3 November 2015
TPTQ Arabic; Frank; FS Brabo by Fontsmith; Typomad 2015; New Perspectives in Typography; The Eric Gill Series
Typotheque’s Peter Biľak has announced the launch of TPTQ Arabic, a new type foundry dedicated to developing original high-quality Arabic typefaces and systems for bi-lingual typography.
The new company is a partnership between Lebanese designer Kristyan Sarkis and Biľak (see ‘Reputations’ in Eye 75). In response to what the founders perceive as the ‘visual uniformity’ of Arabic newspaper typography, TPTQ has released Greta Arabic, a large type family, available in 39 styles, that explores new approaches to Arabic type.
Another inaugural release is New Fedra Arabic, ‘redrawn and remastered’, a collaboration with Iranian designer Bahman Eslami.
Greta Arabic comes in ten weights and four widths.
Top: specimen that demonstrates the versatility of the family.
For more about some of the issues surrounding ‘non-Latin’ type, see the article ‘Beyond Latin’ in Eye 90.
FRANK brass stencil designed by Bunch and Alberto Hernández.
Spread from the sumptuous FRANK specimen with technical specifications.
The new stencil typeface FRANK (designed by Alberto Hernández and Bunch) was recently announced with an unprecedented fanfare from Croatia. FRANK is a sans serif, monolinear display typeface with geometric rounded endings, originally designed as a bespoke font for the rebranding of Cerovski (a print production studio).
The font is available in OpenType and Web Open Font format from Milieu Grotesque. The promotional materials included a metal specimen that doubles as an actual stencil, an elaborate brochure that showed myriad uses of the display fonts and a video (see below). The text pays tribute to stencil authority Eric Kindel (see ‘A tradition with breaks’ in Eye 86).
The making of the brass stencil for stencil typeface FRANK. Design: Bunch and Alberto Hernández.
Inspired by the archive at Plantin-Moretus Museum in Antwerp, the Clerkenwell foundry Fontsmith is launching a new serif typeface – FS Brabo. Fontsmith founder Jason Smith (see his ‘Inspiration’ article about Eric Gill in Eye 59) claims that FS Brabo is a typeface ‘that can add poetry to the plainest prose’.
A specimen of the typeface FS Brabo by Fernando Mello, published by Fontsmith.
FS Brabo specimen designed and printed by The Counter Press for Fontsmith.
For more about the Plantin-Moretus Museum and its extraordinary contents, see Phil Sayer’s photo essay in the latest issue, Eye 90.
Posters featured on the website for the ‘Type Earthquake’ open
Benoît Bodhuin, La Typo exhibition.
‘Type Earthquake’, an open call from Spanish typographic festival Typomad, asks for the boundaries of conventional typographic communication to be broken. Typomad encourages designers who experiment and challenge the traditions of poster design, and the deadine is 15 November 2015 at 11pm (Spanish time).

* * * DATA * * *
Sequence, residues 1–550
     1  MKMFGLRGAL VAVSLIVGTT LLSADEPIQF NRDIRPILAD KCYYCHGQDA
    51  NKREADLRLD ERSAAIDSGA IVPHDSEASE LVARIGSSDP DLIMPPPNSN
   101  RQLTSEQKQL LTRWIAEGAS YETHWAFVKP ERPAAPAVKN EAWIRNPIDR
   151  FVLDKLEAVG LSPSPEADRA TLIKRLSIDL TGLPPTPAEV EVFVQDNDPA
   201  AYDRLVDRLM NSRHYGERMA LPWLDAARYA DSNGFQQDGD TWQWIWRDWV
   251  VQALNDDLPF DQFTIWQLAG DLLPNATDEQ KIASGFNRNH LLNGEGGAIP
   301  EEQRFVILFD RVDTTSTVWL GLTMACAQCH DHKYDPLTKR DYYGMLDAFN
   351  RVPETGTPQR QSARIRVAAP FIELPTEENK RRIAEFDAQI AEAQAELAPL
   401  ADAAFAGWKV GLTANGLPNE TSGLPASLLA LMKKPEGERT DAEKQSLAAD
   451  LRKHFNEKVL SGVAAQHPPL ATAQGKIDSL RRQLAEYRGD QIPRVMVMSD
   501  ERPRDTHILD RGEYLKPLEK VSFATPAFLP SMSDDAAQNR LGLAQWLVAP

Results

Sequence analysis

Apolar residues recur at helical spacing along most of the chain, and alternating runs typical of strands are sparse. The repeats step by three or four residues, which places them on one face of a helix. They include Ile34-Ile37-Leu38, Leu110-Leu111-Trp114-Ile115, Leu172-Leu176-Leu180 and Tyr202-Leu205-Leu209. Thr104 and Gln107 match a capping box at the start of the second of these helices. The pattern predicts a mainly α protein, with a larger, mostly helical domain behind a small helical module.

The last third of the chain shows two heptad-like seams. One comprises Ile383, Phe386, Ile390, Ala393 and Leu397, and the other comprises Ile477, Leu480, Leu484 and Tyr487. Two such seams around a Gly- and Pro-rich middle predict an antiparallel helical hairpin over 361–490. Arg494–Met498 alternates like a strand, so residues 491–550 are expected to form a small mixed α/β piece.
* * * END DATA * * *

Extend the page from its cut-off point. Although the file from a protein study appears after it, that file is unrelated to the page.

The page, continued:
The guidelines for this annual venture, the only typographic festival in Madrid, include the request that the design ‘breaks the established rules of composition and / or narrative’, that it ‘contributes to debate on current issues’ and that it generates ‘dialogue and debate’. The subsequent Typomad conference takes place on Fri 4 and Sat 5 December 2015 at Centro Cultural Conde Duque.
Darius Ou, Autotypography.
New Perspectives in Typography, (Laurence King, 2015), designed and edited by Scott Williams and Henrik Kubel of A2-Type.
Spread from New Perspectives in Typography with work from ITC (left) and Derek Birdsall / Omnific.
Designed and edited by Scott Williams and Henrik Kubel, New Perspectives in Typography is a collection of work by 100 international designers that demonstrates inspirational uses of type and typography. Williams and Kubel are careful to state that this is by no means a definitive guide, an attempt to define a new movement, or a manifesto. The new book is a showcase of different responses to what applied typography means today.
Spreads from New Perspectives in Typography.
De Zaak Nu identity by Atelier Carvalho Bernau, 2010.
V&A digital ‘palindrome’ by Troika, 2010, based on the original identity designed by Alan Fletcher and Quentin Newark at Pentagram.
In the editors’ words: ‘New Perspectives in Typography celebrates the handmade; bespoke and made-to-measure type; customised or bastardised versions of of pre-existing fonts; the use of freely available typefaces in inventive ways; and how technology has impacted on contemporary design.’
The book also includes essays by Paul Shaw, Limited Language, Emily King and Rick Poynor, and captions by Michael Evamy.
Logo for The Eric Gill Series designed by Eye’s Simon Esterson.
Eye’s Simon Esterson and John Walters have been working with Monotype on ‘The Eric Gill Series’, a new exhibition at The Old Truman Brewery in London that incorporates archive material relevant to Gill’s designs for Joanna and Gill Sans, a digital exhibit designed by Field (see Eye 80) and an interactive ‘fridge magnet’ display using giant glyphs from the series of three extended typeface families – Gill Sans Nova, Joanna Nova and Joanna Sans Nova – based on Gill’s original designs.
On the evening of Friday 6 November 2015, there’s an event, ‘Me and Mr Gill’, with Phil Baines, Penguin’s Claire Mason, Sallie Morris, Joanna Sans Nova designer Terrance Weinzierl and David Pearson, chaired by Walters. Another event on Tuesday 10 November will feature Dan Rhatigan, departing type director of Monotype, David Hitner of StudioSmall, whose work for fashion designer Margaret Howell makes extensive use of Gill Sans. Admission is free for all events, but you have to book via Eventbrite.
Spread from the new Monotype Newsletter, available at ‘The Eric Gill Series’ exhibition at The Old Truman Brewery.
STOP PRESS – TICKETS FOR ‘ME AND MR GILL’ HAVE ‘SOLD OUT’.
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